Simpson's Rule

Simpson’s rule is one of the numerical methods which is used to evaluate the definite integral. Usually, to find the definite integral, we use the fundamental theorem of calculus, where we have to apply the antiderivative techniques of integration. However, sometimes, it isn’t easy to find the antiderivative of an integral, like in Scientific Experiments, where the function has to be determined from the observed readings. Therefore, numerical methods are used to approximate the integral in such conditions. Other numerical methods used are trapezoidal rule, midpoint rule, left or right approximation using Riemann sums. Here, we will discuss Simpson’s rule formula, 1/3 rule, 3/8 rule and examples.

Table of Contents:

Simpson’s Rule Formula

Simpson’s rule methods are more accurate than the other numerical approximations and its formula for n+1 equally spaced subdivision is given by;

Simpson's rule formula

Where n is the even number, △x = (b – a)/n and xi = a + i△x

If we have f(x) = y, which is equally spaced between [a, b] and if a = x0, x1 = x0 + h, x2 = x0 + 2h …., xn = x0 + nh, where h is the difference between the terms. Or we can say that y0 = f(x0), y1 = f(x1), y2 = f(x2),……,yn = f(xn) are the analogous values of y with each value of x.

Simpson’s 1/3 Rule

Simpson’s 1/3rd rule is an extension of the trapezoidal rule in which the integrand is approximated by a second-order polynomial. Simpson rule can be derived from the various way using Newton’s divided difference polynomial,  Lagrange polynomial and the method of coefficients. Simpson’s 1/3 rule is defined by:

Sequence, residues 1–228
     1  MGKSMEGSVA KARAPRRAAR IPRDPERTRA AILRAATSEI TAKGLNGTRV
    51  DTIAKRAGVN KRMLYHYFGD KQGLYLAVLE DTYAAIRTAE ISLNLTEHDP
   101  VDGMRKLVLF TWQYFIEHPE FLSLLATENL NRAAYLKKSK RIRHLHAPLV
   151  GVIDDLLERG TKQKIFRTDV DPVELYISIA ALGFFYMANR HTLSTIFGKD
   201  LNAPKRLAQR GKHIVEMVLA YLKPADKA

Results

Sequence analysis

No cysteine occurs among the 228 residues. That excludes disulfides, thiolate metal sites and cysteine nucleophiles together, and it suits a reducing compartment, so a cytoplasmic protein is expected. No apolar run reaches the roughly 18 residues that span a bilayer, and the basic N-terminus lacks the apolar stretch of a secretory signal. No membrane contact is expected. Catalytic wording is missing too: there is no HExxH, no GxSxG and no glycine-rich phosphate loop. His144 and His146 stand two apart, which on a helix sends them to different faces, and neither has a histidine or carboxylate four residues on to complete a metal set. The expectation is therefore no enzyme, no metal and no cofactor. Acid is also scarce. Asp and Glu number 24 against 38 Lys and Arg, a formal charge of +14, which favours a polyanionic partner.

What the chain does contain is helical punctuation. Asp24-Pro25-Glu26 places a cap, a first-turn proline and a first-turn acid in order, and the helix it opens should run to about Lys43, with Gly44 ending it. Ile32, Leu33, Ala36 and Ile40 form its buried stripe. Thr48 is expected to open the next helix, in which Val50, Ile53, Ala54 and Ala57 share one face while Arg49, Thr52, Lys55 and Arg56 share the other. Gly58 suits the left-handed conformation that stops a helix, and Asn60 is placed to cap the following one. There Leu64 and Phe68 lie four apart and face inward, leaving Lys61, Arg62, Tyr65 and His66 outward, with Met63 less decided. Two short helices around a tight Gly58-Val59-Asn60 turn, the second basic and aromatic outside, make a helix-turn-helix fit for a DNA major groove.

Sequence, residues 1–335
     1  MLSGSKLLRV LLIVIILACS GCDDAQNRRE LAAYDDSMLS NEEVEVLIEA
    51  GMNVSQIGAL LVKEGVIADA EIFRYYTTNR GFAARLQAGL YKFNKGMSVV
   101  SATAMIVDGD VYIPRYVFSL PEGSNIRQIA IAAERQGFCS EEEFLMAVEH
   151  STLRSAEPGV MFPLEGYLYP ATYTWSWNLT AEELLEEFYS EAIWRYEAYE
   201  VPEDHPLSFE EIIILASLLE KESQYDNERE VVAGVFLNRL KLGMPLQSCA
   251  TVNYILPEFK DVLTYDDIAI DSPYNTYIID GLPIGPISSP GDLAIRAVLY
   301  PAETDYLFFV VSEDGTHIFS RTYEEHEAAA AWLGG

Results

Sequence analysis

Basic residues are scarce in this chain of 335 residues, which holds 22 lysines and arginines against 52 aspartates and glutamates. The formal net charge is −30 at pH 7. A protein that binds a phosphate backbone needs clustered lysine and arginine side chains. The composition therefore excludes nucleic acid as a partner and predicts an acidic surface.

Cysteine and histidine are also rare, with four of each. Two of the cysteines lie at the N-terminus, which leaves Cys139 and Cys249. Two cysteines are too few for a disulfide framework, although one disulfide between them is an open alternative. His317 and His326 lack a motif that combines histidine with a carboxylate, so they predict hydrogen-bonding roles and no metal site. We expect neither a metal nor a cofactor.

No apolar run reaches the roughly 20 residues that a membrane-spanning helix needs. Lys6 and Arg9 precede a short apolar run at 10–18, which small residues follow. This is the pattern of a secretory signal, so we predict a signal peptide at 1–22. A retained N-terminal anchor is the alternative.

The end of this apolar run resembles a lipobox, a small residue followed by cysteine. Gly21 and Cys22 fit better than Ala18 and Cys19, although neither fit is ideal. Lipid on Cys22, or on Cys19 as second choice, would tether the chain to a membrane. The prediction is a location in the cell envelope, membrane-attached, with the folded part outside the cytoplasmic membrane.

ab f(x) dx = h/3 [(y+ yn) + 4(y+ y+ y+ …. + yn-1) + 2(y+ y+ y+ ….. + yn-2)]

This rule is known as Simpson’s One-third rule.

Simpson’s ⅓ Rule for Integration

We can get a quick approximation for definite integrals when we divide a small interval [a, b] into two parts. Therefore, after dividing the interval, we get;

x0= a, x1= a + b, x2 = b

Hence, we can write the approximation as;

ab f(x) dx ≈ S2 = h/3[f(x0) + 4f(x1) + f(x2)]

S2 = h/3 [f(a) + 4 f(a+b/2) + f(b)]

Where h = (b – a)/2

This is the Simpson’s ⅓ rule for integration.

Simpson’s 3/8 Rule

Another method of numerical integration is called “Simpson’s 3/8 rule”. It is completely based on the cubic interpolation rather than the quadratic interpolation. Simpson’s 3/8 or three-eight rule is given by:

ab f(x) dx = 3h/8 [(y+ yn) + 3(y+ y+ y+ y+ …. + yn-1) + 2(y+ y+ y+ ….. + yn-3)]

This rule is more accurate than the standard method, as it uses one more functional value. For 3/8 rule, the composite Simpson’s 3/8 rule also exists which is similar to the generalized form. The 3/8 rule is known as Simpson’s second rule of integration.

Simpson’s Rule Error

Although in Simpson’s rule method we get a more accurate approximation for definite integral, still the error occurs which is defined when n = 2;

-(1/90)(b-a/2)f(4) (ξ)

Where ξ is some number between a and b.

Simpson’s Rule Example

Example: Evaluate ∫01exdx, by Simpson’s ⅓ rule.


Let us divide the range [0, 1] into six equal parts by taking h = 1/6.

If x0 = 0 then y0 = e0 = 1.

If x1 = x0 + h = ⅙, then y1 = e1/6 = 1.1813

If x2 = x0 + 2h = 2/6 = 1/3 then, y2 = e1/3 = 1.3956

If x3 = x0 + 3h = 3/6 = ½ then y3 = e1/2= 1.6487

If x4 = x0 + 4h = 4/6 ⅔ then y4 = e2/3 = 1.9477

If x5 = x0 + 5h = ⅚ then y5 = e5/6 = 2.3009

If x6 = x0 + 6h = 6/6 = 1 then y6 = e= 2.7182

We know by Simpson’s ⅓ rule;

ab f(x) dx = h/3 [(y+ yn) + 4(y+ y+ y+ …. + yn-1) + 2(y+ y+ y+ ….. + yn-2)]


01exdx = (1/18) [(1 + 2.7182) + 4(1.1813 + 1.6487 + 2.3009) + 2(1.39561 + 1.9477)]

=  (1/18)[3.7182 + 20.5236 + 6.68662]

= 1.7182 (approx.)

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